CRISPR is a gene editing technique with incredible potential. But the traditional CRISPR-Cas9 approach involves cutting the double helix of DNA in cells, which can have many unintended and dangerous consequences. There are some alternatives to cutting the double-stranded genome that could be much safer, and still help us treat or even cure genetic diseases. To successfully perform gene editing, the cells that carry mutated DNA also have to be accessible so they can be treated. It can be very challenging to access the right cells when they are deep within the body. But cells in the eye are far easier to reach, making it possible to treat some forms of blindness that are caused by genetic mutations.
Scientists have now used a modified version of CRISPR gene editing to restore vision in a mouse model of retinitis pigmentosa, which is a major cause of blindness in humans. The work has been reported in the Journal of Experimental Medicine.
Retinitis pigmentosa is thought to impair vision in one of every 4,000 people, and it can be caused by errors in more than 100 different genes. Retinitis pigmentosa affects rod cells first, disrupting their function. The disease moves onto cone cells next, and causes irreversible and severe loss of vision over time.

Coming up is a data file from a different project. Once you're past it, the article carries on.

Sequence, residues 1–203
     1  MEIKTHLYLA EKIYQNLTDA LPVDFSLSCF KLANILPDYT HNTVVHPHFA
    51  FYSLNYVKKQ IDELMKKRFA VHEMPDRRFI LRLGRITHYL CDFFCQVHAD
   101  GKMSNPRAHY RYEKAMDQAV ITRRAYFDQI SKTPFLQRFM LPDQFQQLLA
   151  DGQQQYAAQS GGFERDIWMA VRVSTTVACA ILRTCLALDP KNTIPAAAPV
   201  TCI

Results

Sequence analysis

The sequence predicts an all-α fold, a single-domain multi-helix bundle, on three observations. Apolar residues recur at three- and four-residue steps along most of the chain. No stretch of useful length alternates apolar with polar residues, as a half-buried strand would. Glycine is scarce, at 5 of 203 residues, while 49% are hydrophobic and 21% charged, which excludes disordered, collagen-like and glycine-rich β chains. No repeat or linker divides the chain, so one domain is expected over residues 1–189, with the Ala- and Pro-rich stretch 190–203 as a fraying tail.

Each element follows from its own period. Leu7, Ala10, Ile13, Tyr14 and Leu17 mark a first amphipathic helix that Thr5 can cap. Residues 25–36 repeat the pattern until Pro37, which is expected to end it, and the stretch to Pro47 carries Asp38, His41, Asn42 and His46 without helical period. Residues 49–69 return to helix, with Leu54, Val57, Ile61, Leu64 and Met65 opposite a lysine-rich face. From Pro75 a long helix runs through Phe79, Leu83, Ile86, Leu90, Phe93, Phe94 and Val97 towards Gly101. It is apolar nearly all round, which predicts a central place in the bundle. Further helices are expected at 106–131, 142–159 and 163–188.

Various gene editing methods have been used to repair vision loss in mice that model various genetic diseases that cause blindness, like Leber congenital amaurosis. In this disorder, the retinal pigment epithelium, a layer of cells that supports other cells that sense light, is disrupted. But most forms of blindness that are genetic, such as retinitis pigmentosa affect the neural photoreceptors directly. Any gene therapy used to treat these disorderx also have to target the affected photreceptor cells directly.
In this work, the researchers used a mouse model that carried mutations in a gene called PDE6β, a portion of a protein complex found in rod cells. When PDE6β is disrupted, it causes retinitis pigmentosa. A variation of CRISPR was developed called PESpRY, which can be applied to any part of the genome. CRISPR-Cas9 can only target certain sequences, when they are near other sequences called protospacer adjacent motifs or PAMs. But not every target sequence is close to a PAM, which can hamper gene editing in certain places. PESpRY overcomes that limitation, and hence, it's called a PAM-less SpCas9 variant (SpRY).
In the mouse model that was treated with PESpRY, the function of the complex was restored and the mice became responsive to light again.
The researchers also followed these mice and continued to observe them, which showed hat the animals retained their vision even as they became elderly.
The PESpRY method is still not ready for use in humans, however.
This research has shown that this editing method can be used in vivo, and it has "... potential in diverse research and therapeutic contexts, in particular for inherited retinal diseases such as retinitis pigmentosa," said study co-author Kai Yao, a professor at the Wuhan University of Science and Technology.
Sources: Rockefeller University Press, Journal of Experimental Medicine